Not a week goes by that I don’t get a question from a client, or several, inquiring about the best places to go for yield. We all remember the “good old days” when a 10 year Treasury Bond yielded 4-5% (mid 2000’s) to say nothing of the 10%+ yields of the early 80’s. As of this morning, yields are closing in on 1.5% continuing a steady decline over the last 15 years. Money markets pay little if any interest and CD rates are the lowest I have seen in my 20+ years in the business.
All of this search for yield has led some investors into other asset classes based on the promise of increased yield. Master Limited Partnerships (MLP), high yield bonds (aka junk bonds), alternative investments, REITs, International Bonds, etc. These are just a few of the investments that I have seen cited as vehicles to utilize in the search for more yield. And while they may offer that much sought after increase in yield, they almost always do so with significantly increased risk. None of these assets should ever be confused with Treasurys. They are as different as apples and oranges and should be treated as such.
Which is not to say that any of those investments are “bad” investments. High yield bonds may (or may not) be a good investment for an investor and they may even have an appropriate allocation in one’s portfolio. But that allocation should not replace less risky assets simply because one is seeking additional yield. There is a reason they offer additional yield: the market requires compensation for the increased risk associated with them. That risk can come in many forms but it is assuredly present.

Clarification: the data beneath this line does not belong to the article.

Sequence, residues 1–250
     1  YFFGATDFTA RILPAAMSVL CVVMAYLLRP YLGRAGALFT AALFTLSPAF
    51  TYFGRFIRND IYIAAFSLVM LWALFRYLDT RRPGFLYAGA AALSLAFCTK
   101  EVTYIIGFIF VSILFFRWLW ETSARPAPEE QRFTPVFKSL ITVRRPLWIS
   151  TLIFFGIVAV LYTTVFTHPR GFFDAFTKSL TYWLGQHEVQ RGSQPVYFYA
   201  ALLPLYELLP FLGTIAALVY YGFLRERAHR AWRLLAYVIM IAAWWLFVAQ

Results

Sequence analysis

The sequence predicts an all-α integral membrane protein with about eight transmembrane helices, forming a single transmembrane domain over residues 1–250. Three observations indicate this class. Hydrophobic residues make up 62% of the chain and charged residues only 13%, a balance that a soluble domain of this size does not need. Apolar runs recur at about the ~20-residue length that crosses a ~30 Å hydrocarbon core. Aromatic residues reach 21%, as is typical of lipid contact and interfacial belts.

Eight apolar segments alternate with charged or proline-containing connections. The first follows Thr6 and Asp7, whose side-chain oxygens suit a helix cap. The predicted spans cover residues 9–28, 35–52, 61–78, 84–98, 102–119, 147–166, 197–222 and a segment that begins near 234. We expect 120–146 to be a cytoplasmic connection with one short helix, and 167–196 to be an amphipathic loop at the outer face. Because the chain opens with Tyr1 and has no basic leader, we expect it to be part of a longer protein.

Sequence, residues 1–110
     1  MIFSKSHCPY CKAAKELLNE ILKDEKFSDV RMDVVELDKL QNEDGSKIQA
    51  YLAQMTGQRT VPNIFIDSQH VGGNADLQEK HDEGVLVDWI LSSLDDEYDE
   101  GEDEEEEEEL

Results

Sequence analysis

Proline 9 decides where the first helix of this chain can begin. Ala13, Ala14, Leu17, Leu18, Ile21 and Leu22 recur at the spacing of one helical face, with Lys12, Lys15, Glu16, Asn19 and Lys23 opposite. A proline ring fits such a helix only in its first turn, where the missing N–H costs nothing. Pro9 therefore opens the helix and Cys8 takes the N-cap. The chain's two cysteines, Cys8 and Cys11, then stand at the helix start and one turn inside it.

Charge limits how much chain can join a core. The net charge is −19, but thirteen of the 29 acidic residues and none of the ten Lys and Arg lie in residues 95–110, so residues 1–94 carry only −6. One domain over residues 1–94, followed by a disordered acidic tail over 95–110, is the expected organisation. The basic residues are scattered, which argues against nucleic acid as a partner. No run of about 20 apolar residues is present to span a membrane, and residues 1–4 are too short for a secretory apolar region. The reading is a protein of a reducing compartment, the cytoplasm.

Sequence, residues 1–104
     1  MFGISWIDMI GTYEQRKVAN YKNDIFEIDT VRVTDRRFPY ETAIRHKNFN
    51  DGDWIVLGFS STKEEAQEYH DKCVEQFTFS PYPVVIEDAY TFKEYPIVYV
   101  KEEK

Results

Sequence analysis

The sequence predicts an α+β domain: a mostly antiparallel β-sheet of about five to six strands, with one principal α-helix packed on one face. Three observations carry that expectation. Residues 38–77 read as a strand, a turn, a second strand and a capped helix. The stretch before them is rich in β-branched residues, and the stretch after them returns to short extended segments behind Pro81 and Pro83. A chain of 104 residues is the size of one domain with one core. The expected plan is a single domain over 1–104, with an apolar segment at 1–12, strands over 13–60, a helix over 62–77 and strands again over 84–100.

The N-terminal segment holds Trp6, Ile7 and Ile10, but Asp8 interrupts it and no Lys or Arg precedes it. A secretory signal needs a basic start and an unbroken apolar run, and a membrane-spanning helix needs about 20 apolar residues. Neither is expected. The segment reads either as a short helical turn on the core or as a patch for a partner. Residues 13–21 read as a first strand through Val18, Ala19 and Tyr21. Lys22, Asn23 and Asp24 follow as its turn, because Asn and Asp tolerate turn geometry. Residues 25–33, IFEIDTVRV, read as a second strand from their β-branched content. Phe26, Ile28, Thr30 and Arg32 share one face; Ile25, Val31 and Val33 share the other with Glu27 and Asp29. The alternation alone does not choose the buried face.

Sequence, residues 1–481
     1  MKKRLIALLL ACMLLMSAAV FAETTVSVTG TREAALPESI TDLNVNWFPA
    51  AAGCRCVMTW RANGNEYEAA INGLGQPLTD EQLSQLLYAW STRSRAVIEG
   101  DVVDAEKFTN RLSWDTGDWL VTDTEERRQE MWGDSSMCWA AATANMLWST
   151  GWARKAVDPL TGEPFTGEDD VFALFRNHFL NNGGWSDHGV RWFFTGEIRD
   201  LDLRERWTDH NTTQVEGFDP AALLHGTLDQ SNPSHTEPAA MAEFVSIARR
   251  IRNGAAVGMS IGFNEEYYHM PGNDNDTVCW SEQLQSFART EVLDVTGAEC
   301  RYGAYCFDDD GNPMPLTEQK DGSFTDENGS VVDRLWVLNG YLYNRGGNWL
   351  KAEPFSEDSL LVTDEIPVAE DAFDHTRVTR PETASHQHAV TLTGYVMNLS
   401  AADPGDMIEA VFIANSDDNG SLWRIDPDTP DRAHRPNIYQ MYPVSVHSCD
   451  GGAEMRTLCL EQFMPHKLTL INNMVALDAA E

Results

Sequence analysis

So what is the solution in this low yield environment? Unfortunately, there really isn’t a magic bullet. Sure we can seek out the best possible yields available or perhaps keep our holdings shorter-term if we believe rates will inevitably rise. We can also reposition some of our equity holdings to those paying consistent dividends. But all of this has to be done through the prism of an investor’s overall financial plan to be sure we are not taking on additional risk chasing that yield. That is why developing a sound financial plan and sticking to it is so critical to an investor’s success.
Bottom line is if something seems to good to be true it probably is. This axiom holds as true in investing for yield as in the rest of life.